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The Dead of Jericho by Colin Dexter
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The Dead of Jericho (1981)

by Colin Dexter

Series: Morse (5)

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8311416,406 (3.73)24

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Showing 1-5 of 13 (next | show all)
Not bad for a spot of weekend reading. Dexter has definitely found the voice for his Inspector Morse, and for Lewis, and their conversations are great fun to read. Some detective book fans do not like Morse for his grumpiness, intellectual elitism, and seeming ingratitude. But we see and accept the human flaws that accompany an acclaimed genius mind, or at least a mind that works far differently than most. His love of beer, the female shape, and The Archers anchors him in a world where he would otherwise be adrift.
The mystery here is great with many trails and threads. The crux of it falls apart in the post-Internet world, but I love reading about Thatcher's England. The plot is not timeless, but Morse is. ( )
  Virginia-A | Dec 21, 2016 |
This was a good read! The mood of this is melancholy. Morse leads a life of missed opportunities, as does Ann Scott, the first to die in this novel. But Dexter doesn't wallow in pity. He writes about Scott with compassion, and about Morse in the tolerant way men talk about their lifelong friends. It's clever and rich with many strands of plot. ( )
  Hanneri | Oct 4, 2016 |
Non delude, Morse è sempre il solito, molto umano, con tanti difetti, ma un investigatore coi fiocchi. E' davvero bello leggere un poliziesco così lontano dal filone 'polizia scientifica' che impazza negli ultimi anni alla tv, un giallo tutto giocato sui vizi umani, debolezze, virtù, di vittime, colpevoli, ed investigatori. ( )
  LdiBi | Oct 24, 2015 |
Found the way that Morse became involved a bit contrived, doubt whether he'd really be allowed to investigate it if he'd known the woman and behaved as he did.

Remembered bits of it from the TV series but couldn't remember how it ended.

Kind of tricky to solve on your own, found it tricky to keep track of what was going on. Liked the map. ( )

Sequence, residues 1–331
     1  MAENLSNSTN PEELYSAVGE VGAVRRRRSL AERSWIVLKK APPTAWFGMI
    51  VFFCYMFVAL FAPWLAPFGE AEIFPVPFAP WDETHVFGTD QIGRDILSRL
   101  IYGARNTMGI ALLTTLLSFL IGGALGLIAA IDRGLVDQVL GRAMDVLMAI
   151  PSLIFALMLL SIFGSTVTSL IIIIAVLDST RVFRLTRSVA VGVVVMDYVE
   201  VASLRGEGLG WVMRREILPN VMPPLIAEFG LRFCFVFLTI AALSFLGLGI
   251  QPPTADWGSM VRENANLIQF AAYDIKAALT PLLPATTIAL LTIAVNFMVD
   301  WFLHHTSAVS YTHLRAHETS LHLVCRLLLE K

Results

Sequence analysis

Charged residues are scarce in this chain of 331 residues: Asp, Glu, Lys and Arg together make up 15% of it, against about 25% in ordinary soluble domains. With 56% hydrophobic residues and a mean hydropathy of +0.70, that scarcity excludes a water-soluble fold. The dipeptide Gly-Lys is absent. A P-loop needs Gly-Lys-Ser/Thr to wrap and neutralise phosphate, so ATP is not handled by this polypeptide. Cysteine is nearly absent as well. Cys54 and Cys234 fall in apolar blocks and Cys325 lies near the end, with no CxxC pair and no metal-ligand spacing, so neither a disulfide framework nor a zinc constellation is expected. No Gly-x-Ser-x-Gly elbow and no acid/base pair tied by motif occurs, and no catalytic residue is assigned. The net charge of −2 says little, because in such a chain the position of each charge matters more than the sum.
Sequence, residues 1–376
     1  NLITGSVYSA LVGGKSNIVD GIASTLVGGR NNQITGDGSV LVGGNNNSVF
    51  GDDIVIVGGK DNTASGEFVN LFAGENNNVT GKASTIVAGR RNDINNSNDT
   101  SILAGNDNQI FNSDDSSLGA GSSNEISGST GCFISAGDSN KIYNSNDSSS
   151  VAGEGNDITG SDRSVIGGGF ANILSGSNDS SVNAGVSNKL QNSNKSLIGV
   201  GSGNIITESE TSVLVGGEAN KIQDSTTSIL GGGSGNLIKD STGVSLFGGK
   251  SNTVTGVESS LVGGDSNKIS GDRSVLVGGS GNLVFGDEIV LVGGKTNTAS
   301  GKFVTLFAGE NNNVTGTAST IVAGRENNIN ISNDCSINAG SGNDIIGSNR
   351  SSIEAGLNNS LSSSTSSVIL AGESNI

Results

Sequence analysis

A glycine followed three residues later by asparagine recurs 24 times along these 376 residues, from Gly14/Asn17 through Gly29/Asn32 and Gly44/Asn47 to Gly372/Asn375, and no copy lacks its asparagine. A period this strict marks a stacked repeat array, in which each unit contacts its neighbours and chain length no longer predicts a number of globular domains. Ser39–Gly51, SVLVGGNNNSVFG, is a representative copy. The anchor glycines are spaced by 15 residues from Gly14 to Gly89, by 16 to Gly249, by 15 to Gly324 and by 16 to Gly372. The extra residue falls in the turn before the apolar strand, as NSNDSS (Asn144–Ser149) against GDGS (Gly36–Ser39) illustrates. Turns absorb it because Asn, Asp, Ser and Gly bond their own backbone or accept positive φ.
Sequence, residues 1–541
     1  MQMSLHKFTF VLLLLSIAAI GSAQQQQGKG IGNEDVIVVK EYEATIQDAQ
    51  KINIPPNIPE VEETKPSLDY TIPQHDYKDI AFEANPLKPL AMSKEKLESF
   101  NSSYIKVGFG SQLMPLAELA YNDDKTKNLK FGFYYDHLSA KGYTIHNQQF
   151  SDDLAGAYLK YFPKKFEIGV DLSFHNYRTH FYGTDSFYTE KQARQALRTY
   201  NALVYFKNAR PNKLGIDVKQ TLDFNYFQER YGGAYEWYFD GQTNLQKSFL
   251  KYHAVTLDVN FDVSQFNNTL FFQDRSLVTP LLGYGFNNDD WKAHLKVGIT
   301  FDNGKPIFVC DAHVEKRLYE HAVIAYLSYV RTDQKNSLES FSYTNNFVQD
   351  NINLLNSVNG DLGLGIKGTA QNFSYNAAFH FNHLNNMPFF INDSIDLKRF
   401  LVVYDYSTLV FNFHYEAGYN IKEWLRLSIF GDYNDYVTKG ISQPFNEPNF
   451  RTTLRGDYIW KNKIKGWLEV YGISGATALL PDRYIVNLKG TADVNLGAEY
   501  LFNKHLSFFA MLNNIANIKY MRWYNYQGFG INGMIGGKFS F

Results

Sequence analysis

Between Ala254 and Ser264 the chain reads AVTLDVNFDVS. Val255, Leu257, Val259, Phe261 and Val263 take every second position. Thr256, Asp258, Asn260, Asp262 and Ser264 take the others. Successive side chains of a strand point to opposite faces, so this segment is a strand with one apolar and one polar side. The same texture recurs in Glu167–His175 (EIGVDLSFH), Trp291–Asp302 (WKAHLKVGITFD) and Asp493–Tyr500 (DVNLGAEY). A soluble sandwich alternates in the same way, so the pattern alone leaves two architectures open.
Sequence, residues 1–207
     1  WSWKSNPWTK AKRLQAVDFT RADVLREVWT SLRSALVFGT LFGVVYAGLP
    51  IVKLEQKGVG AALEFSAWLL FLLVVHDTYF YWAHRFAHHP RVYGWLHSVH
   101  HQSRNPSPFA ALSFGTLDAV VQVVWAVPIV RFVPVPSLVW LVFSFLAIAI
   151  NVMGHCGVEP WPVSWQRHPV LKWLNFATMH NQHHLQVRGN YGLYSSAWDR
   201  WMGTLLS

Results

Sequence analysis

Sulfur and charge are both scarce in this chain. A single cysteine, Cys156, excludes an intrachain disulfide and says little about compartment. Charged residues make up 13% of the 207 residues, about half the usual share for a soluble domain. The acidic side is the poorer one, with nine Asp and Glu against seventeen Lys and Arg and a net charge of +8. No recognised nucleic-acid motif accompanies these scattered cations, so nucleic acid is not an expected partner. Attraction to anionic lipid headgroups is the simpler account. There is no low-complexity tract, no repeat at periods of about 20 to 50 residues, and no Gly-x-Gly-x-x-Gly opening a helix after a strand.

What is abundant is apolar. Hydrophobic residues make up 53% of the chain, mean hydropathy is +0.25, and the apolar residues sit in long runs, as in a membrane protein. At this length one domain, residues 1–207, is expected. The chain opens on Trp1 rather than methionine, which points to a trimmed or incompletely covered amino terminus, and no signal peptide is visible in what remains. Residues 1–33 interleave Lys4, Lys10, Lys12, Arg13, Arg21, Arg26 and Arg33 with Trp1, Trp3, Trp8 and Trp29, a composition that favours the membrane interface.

ClicksClan | Dec 9, 2014 |
Read during Winter 2003/2004

Yet another highly enjoyable Morse mystery. I think I enjoy that the solutions are not clever or highly logical but very real and Morse often gets on the wrong track as often as the reader. I didn't see this one coming but I did start it over when I misplaced the bookmark and I was glad to see I found some of the clues placed in the begining. Perhaps I'm slowly getting better at mystery solving.
  amyem58 | Jul 14, 2014 |
Showing 1-5 of 13 (next | show all)
Laconic, lonely Inspector Morse of Oxford meets attractive widow/teacher Anne Scott at a party and starts harboring romantic ideas. . . only to learn a few months later that she's hung herself. Or did she? Morse has his suspicions. Unfortunately, the chief suspect has an airtight alibi. Dexter winds up with a puzzle-plot that is too cleverly complicated for its own good. Yet, also once again, his stylish, dark-toned storytelling remains enough reason for Anglophile mystery-fans to want to keep following the existentially acerbic Inspector Morse.
added by Roycrofter | editKirkus Reviews (Jan 5, 1981)
 
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Epigraph
Dedication
For Patricia and Joan, kindly denizens of Jericho
First words
Not remarkably beautiful, he thought.
Quotations
"Anne wrote - ". "She wrote it there?" "Yes, she wrote it on the sideboard. I remember that she had a silver Parker -".
Last words
(Click to show. Warning: May contain spoilers.)
Disambiguation notice
ISBN 0751525324 - Amazon has for BOTH The Dead of Jericho by Colin Dexter AND Doctor Death by Jonathan Kellerman. WorldCat has just for Jonathan Kellerman's novel.
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Amazon.com Product Description (ISBN 0804114862, Mass Market Paperback)

"[MORSE IS] THE MOST PRICKLY, CONCEITED, AND GENUINELY BRILLIANT DETECTIVE SINCE HERCULE POIROT."

--The New York Times Book Review



He meets her at a suburban party. They share a flirtation over their red wine . . . and he doesn't see her again. It's the old familiar story for Morse. Then one day he just happens to be in Jericho, where Anne Scott lives. Nobody's home--and Morse should know since her door is unlocked and he takes a quick look inside. Only later does Morse learn that the lady was at home, just not alive. The jury's verdict at the inquest is death by suicide. But that doesn't sit right with Morse, and he embarks on his own investigation into the tangled private life of a lovely woman, all the while feeling his own remorse of what might have been. . . .



"You don't really know Morse until you've read him. . . . Viewers who have enjoyed British actor John Thaw as Morse in the PBS Mystery! anthology series should welcome the deeper character development in Dexter's novels."

--Chicago Sun-Times



"A masterful crime writer whom few others match."

--Publishers Weekly

(retrieved from Amazon Thu, 12 Mar 2015 18:20:13 -0400)

(see all 4 descriptions)

In this investigation Morse has a woman's address on a crumpled piece of paper in his pocket but he does not expect to return there the same day when a suicide is reported. Originally published: London: Macmillan, 1981.

» see all 3 descriptions

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